KARACHI: Beauty salons are packed with young women getting all dolled up for a fun night out; the parandas and motia flowers in their hair will tell you that the frills are not for a charity ball — it’s shaadi season and the competition has only just started.
Gone are the days when mehendis meant a bunch of aunties gathered around a dholak, singing “Ko ko Korina” and “Pardesiya”. Group luddis are almost extinct, and have been replaced by the older female-relatives of the bride or groom doing synchronised dances to tracks like “Om Shanti Om”.
At most mehendis, you will see the bride’s side opening the performances by taking the floor first. Boys wear coordinated dupattas and kurtas, with some sporting aviators or other props for their upbeat numbers. Girls try to be as colourful as they can, with fuchsias and olive greens being favourites for mehendi joras. As soon as the DJ cranks up the volume of “Chikni Chameli” (or any other catchy number), dancers take their positions to bust their moves. So what is everyone dancing to?
Fabeha Farrukh recently attended her cousin’s wedding and prepared one ‘medley’ — an assortment of clips from various songs — for a dance-off against the boy’s side. She says Vicky Donor’s “Rum Rum Whiskey”, the desi hip-hop version of “Bumbro Bumbro”, DJ Casper’s “Cha Cha”, “Thug Le”, “Desi Thumka”, Imran Khan’s “Tu Meray Moun Na Lag” were just a few songs on the playlist. Their medley was (gasp) 30 minutes long!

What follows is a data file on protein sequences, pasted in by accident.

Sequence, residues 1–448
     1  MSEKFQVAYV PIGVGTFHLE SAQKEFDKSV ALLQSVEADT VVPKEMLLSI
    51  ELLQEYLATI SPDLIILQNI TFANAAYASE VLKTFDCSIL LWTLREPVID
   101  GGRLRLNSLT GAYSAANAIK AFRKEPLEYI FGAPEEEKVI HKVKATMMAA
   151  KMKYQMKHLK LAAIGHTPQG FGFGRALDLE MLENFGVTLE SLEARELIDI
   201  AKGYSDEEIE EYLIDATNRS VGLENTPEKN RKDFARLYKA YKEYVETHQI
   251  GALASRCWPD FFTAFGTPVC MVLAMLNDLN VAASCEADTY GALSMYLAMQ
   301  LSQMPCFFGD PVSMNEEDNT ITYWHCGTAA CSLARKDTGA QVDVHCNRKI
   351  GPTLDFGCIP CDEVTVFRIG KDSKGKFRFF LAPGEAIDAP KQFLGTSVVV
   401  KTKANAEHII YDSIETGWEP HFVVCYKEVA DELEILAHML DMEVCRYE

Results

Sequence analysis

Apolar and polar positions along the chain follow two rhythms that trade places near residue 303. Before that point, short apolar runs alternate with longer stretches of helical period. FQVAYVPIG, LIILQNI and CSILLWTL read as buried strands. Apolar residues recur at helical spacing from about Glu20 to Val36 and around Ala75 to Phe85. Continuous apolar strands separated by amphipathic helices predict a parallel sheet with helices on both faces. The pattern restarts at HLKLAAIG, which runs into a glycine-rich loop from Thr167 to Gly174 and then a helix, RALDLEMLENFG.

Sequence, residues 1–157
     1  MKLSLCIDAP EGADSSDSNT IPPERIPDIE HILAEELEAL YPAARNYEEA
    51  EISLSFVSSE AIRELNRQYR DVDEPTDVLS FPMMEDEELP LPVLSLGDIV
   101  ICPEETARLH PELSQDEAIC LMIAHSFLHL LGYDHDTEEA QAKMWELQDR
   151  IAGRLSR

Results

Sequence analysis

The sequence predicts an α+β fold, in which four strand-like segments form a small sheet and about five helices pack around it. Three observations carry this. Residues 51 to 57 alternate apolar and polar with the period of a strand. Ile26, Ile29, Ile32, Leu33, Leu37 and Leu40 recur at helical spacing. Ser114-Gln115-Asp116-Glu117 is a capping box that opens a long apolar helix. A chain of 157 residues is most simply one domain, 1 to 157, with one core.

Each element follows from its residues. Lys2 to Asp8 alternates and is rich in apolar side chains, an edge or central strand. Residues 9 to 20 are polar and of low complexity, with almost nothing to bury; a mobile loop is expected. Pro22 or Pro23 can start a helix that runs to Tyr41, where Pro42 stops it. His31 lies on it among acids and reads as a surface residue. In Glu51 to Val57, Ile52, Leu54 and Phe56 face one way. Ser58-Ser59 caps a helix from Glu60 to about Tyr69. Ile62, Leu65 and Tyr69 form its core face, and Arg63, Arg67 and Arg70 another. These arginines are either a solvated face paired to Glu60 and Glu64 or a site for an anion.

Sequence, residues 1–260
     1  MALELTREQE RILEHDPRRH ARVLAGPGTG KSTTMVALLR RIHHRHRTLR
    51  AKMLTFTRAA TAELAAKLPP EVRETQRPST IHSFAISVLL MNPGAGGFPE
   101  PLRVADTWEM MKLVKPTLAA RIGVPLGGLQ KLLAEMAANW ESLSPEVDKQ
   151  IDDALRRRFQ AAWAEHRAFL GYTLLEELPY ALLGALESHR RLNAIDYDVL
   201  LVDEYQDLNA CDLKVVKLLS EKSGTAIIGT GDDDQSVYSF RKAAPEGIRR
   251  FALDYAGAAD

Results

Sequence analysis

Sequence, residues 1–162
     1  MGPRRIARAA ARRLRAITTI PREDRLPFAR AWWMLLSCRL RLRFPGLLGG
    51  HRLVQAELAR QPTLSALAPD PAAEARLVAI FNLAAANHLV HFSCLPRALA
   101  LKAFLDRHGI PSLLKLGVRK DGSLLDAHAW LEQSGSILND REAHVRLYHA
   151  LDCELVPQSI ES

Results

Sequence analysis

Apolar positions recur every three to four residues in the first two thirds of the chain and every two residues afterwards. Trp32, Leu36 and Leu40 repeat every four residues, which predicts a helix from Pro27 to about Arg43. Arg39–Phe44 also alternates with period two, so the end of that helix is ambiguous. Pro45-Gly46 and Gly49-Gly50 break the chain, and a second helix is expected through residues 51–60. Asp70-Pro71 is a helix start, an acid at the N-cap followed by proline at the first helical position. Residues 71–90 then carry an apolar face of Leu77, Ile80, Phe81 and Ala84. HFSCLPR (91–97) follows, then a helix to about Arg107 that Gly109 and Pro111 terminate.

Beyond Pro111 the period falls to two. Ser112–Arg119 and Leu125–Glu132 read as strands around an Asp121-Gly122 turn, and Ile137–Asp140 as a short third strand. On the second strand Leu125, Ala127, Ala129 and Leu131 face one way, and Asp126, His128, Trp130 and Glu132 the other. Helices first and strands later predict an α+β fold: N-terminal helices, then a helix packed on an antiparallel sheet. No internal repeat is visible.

From the groom’s party, Zohaib Mufti was not too happy — he feels his side did not get a chance to display all they had prepared for. He humourously says: “We ran out of time! There was a lot more to come but the bride’s cousins were not ready to leave the floor — maybe because they did not have a proper medley.” He adds that though there were some mistakes in the opponent’s dance moves, watching the dances was enjoyable for everyone.
These upbeat tracks that are mostly from Bollywood movies have surely made their way into Pakistani weddings. Aliza Tirmizi, who was recently part of her friend’s wedding celebration, is of the view that the best thing about mehendis nowadays is the Bollywood style dances and remixed tracks.
Songs like Agent Vinod’s “Pungi”, “Anarkali Disco Chali” and “Chikni Chameli” have become popular choices for dance numbers at weddings. According to one young girl, “I would love to have [dances to] these tracks at my wedding.”
Published in The Express Tribune, September 3rd, 2012.
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